Water and hydration is essential to life. Water makes up about 66% of the human body. Water runs through the blood, inhabits cells, and everywhere in between. Our brains are actually composed of about 85% water and proper hydration plays a role in memory functions (2). So start your morning off with a big old glass of H2O!
Proper hydration is also essential to sports performance. Studies have found that athletes who lose as much as 2% of their body weight through sweating can have a drop in blood volume which results in the heart having to work harder to circulate the blood. A drop in blood volume can also lead to muscle cramps, dizziness, fatigue, and heat illnesses such as heat exhaustion or heat stroke (3).
Common causes of dehydration in athletes are:
- Inadequate fluid intake
- Excessive sweating
- Failure to replace fluids losses during activity and post-activity
- Exercising in dry, hot environments
- Drinking only when thirsty
Common ways athletes lose water:
- High Altitude – Exercising at altitude increases your fluid losses and thus increasing your fluid needs.
- Temperature – Exercising in the heat increases your fluid losses. Also, exercising in cold temperatures can impair your ability to recognize fluid losses and more fluid is lost during respiration.
- Sweating – Everyone has their own unique sweat lost rate. It is important to know your sweat lost rate to be ability to calculate your hydration needs for daily activities, during exercise, and post-exercise recovery.
- Exercise duration and intensity – The longer the the exercise period, the more you need to drink.
How to calculate your sweat rate:
- Empty your bladder and weigh yourself nude. Record weight.
- Do workout and drink as you normally would.
- Record approximate volume of fluid intake during exercise.
- Towel dry, empty bladder, and weight yourself nude again. Record weight.
- Subtract post-exercise weight from pre-exercise weight to get the number of pounds you lost during exercise.
- To find out how much fluid ounces of water you lost, multiply pounds lost by 16 to get the fluid ounces of water you lost during exercise.
- To determine hourly fluid intake needs, add to ounces of fluid you lost during exercise to the number of fluid ounces you consumed during exercise and divide by the number of hours spent exercising.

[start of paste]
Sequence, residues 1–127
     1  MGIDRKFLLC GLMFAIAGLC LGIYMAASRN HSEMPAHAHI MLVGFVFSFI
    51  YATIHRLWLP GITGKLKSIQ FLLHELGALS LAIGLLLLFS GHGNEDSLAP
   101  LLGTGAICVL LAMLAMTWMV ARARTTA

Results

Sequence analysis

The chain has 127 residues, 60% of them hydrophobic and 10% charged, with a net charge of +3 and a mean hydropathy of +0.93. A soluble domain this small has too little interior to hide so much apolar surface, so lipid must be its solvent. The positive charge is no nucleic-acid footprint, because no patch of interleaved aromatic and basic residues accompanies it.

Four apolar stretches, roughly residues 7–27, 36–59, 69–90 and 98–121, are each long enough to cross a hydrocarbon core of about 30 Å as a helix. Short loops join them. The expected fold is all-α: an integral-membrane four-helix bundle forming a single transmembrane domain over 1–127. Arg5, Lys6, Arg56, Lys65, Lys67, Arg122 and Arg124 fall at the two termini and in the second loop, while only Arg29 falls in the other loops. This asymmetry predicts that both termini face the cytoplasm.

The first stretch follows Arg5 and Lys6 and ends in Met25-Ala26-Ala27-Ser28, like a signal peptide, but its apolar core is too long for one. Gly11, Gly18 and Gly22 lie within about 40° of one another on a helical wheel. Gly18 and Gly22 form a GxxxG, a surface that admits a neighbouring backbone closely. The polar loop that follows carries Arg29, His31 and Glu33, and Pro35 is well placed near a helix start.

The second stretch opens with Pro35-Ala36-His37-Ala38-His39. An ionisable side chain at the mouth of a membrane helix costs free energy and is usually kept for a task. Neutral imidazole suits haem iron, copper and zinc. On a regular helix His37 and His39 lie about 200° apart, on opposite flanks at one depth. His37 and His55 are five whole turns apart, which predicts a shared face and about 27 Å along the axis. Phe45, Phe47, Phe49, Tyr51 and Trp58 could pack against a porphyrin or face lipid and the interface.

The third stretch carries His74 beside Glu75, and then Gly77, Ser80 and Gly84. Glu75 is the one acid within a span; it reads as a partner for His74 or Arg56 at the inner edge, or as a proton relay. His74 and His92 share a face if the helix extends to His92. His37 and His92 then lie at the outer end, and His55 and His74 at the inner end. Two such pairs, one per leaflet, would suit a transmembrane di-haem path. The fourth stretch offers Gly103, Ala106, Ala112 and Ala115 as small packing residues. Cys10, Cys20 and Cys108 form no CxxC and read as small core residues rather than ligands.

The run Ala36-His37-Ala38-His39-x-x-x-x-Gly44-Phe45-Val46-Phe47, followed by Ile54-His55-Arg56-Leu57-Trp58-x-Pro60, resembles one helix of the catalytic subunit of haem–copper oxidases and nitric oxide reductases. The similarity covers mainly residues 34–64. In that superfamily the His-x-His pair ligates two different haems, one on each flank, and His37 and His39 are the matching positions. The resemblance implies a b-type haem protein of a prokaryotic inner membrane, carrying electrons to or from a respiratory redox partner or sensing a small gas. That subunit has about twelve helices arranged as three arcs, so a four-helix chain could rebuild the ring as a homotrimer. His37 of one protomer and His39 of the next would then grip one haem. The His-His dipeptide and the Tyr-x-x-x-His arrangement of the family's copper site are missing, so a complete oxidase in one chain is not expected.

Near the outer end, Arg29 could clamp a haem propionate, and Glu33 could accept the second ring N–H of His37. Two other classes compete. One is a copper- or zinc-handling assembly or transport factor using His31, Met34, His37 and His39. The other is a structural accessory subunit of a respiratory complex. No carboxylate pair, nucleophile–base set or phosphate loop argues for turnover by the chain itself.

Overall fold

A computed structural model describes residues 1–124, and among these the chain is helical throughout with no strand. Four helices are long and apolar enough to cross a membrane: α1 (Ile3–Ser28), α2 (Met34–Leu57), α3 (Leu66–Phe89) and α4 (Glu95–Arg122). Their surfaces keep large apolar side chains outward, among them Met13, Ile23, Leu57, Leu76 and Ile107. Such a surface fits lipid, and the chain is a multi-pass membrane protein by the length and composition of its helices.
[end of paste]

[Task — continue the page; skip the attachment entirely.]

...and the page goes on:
Note: Sweat rate can vary due to heat, humidity, and an elevated heart rate. Humidity levels over 75% will contribute to an increased risk of heat injury. When heat and humidity are above 75 degrees and 75%, respectively, multiple your hourly fluid needs by a factor of 1.2-1.6 (4).
Here’s a great handout from the University of Arizona on fluid needs and recovery: Sweat Rate and Fluid Replacement Calculations with Recovery Plans
General Guidelines for Hydration (3)
Hydration throughout the day:
- Drink about 6-8 8 oz of water a day (whether you plan on exercising or not)
- Drink about 15-20 fl oz, 2-3 hours before start of exercise
- Drink 8-10 fl oz, 10-15 min before start of exercise
Hydration during exercise:
- Drink 8-10 fl oz every 10-15 min during exercise
- If exercising longer than 90 mins or 60 minutes at high intensity, drink 8-10 fl oz of sports drink every 15-20 minutes
Hydration after exercise:
- Drink 20-24 fl oz of water for every pound lost during exercise
- Consume a 4:1 ratio of carbohydrate to protein drink within 2 hours of exercise to replenish glycogen stores
Now, in rare cases, it is possible to consume too much water. This is called hyponatremia, or water intoxication. Drinking excessive water can cause a low concentration of sodium in the bloodstream and could possibly lead to death.
I have a few posts in the works on sports drinks and recovery drinks so look for those in the near future!
1. Gowin J. Why Your Brain Needs Water. Available at: http://www.psychologytoday.com/blog/you-illuminated/201010/why-your-brain-needs-water. Accessed July 3, 2012.
2. Exercise and Fluid Replacement, ACSM Position Stand, American College Of Sports Medicine, Medicine and Science In Sports & Exercise, 2007.
3. How to Caluclate Your Sweat Rate. Available at: . Accessed July 3, 2012.